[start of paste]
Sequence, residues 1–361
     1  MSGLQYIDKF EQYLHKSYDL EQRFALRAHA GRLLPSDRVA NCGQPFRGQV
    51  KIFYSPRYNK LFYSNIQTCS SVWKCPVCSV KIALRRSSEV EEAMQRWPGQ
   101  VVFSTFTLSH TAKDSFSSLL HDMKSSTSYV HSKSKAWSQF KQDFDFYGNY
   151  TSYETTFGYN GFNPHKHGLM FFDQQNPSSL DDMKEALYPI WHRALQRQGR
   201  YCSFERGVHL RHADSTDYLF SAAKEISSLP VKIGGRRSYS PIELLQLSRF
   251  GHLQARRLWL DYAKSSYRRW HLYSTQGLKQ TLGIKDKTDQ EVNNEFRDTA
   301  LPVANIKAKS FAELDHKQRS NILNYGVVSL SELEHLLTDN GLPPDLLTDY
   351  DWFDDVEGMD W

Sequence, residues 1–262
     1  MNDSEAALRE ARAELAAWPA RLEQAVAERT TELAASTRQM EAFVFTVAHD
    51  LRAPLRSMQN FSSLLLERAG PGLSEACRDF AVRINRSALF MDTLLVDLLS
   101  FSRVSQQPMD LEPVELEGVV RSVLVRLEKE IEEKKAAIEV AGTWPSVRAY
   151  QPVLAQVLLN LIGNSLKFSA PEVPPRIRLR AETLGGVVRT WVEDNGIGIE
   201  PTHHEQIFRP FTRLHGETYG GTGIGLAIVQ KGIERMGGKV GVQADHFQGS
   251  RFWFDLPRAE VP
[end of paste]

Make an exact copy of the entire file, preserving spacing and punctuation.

Sequence, residues 1–361
     1  MSGLQYIDKF EQYLHKSYDL EQRFALRAHA GRLLPSDRVA NCGQPFRGQV
    51  KIFYSPRYNK LFYSNIQTCS SVWKCPVCSV KIALRRSSEV EEAMQRWPGQ
   101  VVFSTFTLSH TAKDSFSSLL HDMKSSTSYV HSKSKAWSQF KQDFDFYGNY
   151  TSYETTFGYN GFNPHKHGLM FFDQQNPSSL DDMKEALYPI WHRALQRQGR
   201  YCSFERGVHL RHADSTDYLF SAAKEISSLP VKIGGRRSYS PIELLQLSRF
   251  GHLQARRLWL DYAKSSYRRW HLYSTQGLKQ TLGIKDKTDQ EVNNEFRDTA
   301  LPVANIKAKS FAELDHKQRS NILNYGVVSL SELEHLLTDN GLPPDLLTDY
   351  DWFDDVEGMD W

Sequence, residues 1–262
     1  MNDSEAALRE ARAELAAWPA RLEQAVAERT TELAASTRQM EAFVFTVAHD
    51  LRAPLRSMQN FSSLLLERAG PGLSEACRDF AVRINRSALF MDTLLVDLLS
   101  FSRVSQQPMD LEPVELEGVV RSVLVRLEKE IEEKKAAIEV AGTWPSVRAY
   151  QPVLAQVLLN LIGNSLKFSA PEVPPRIRLR AETLGGVVRT WVEDNGIGIE
   201  PTHHEQIFRP FTRLHGETYG GTGIGLAIVQ KGIERMGGKV GVQADHFQGS
   251  RFWFDLPRAE VP